If a child is not able to live at home, Children’s Aid Societies look for extended family so children and youth can live safely with people they know and are comfortable with. When children and youth live with and are cared for by members of their extended family, kin, a family friend, or someone in their community, this is referred to as a kinship arrangement.
Kinship arrangements support children and youth to maintain connection to their family and heritage, help them remain in their community, support their identity, and help them maintain their ethnicity, culture, and family traditions. Kinship can include neighbours, teachers, or any member of a child’s community with whom the child has an established relationship. It doesn’t need to be a direct relative.
Kinship arrangements can either be “in care” of a Children’s Aid Society” or “out of care.”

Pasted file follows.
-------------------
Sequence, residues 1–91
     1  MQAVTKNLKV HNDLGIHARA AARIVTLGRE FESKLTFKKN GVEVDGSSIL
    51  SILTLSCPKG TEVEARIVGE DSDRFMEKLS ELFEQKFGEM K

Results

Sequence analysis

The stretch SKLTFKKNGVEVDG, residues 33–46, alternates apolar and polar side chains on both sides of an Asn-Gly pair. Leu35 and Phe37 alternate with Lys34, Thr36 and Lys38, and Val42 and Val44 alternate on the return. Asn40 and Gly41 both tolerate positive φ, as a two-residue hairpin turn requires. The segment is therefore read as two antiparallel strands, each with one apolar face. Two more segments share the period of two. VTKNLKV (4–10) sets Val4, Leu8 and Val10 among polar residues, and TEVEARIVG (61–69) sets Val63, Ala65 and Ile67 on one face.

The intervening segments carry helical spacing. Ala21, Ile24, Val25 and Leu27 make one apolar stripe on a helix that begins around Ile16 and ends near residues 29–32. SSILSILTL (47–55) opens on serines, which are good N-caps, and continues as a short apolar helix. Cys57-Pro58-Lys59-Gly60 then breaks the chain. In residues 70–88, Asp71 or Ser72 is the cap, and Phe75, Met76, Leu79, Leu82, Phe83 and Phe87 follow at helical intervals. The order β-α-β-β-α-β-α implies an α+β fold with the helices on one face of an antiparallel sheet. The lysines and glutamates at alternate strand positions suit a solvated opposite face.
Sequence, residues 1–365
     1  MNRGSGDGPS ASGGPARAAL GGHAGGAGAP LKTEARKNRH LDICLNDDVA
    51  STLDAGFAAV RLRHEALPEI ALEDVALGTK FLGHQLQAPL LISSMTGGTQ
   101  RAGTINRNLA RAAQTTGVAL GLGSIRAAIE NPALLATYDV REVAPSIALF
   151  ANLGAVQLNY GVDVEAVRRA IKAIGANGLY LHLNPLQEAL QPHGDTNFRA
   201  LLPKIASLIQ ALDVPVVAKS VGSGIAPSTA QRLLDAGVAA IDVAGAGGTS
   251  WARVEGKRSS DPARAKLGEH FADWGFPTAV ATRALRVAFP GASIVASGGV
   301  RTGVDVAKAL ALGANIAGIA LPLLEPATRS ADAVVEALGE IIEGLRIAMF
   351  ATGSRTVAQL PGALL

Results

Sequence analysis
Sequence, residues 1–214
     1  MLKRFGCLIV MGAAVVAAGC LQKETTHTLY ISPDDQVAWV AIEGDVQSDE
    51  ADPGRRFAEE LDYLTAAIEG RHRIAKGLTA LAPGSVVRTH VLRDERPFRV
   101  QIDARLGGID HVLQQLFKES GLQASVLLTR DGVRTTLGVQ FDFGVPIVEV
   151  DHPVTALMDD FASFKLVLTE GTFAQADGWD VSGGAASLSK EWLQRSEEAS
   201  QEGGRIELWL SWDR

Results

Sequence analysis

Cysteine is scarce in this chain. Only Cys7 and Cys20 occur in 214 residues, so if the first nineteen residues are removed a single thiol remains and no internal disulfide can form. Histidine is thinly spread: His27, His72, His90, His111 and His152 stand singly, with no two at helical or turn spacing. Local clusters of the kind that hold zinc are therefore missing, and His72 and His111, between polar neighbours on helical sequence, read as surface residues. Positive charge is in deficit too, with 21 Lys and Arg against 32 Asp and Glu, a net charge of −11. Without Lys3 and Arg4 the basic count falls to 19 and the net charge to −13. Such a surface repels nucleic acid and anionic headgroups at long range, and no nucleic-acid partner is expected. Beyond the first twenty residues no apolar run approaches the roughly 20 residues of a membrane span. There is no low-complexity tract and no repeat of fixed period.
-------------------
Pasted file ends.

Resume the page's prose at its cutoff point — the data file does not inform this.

Once potential caregivers have been found, they are assessed to understand their ability to meet the needs of a child, as if they were the parents in the interim and long term if needed. The goal is to reconnect the child with their parents as quickly as possible, but the hope is that if the child cannot return to their biological parents, the kinship caregiver/family will be a permanent home for the child.
Kinship caregivers receive a support worker from Children’s Aid Society to support the family and support the children living in their home. Kinship service families may be eligible for Temporary Care Assistance through Ontario Works and some support from Children’s Aid Society, such as food vouchers and summer camp.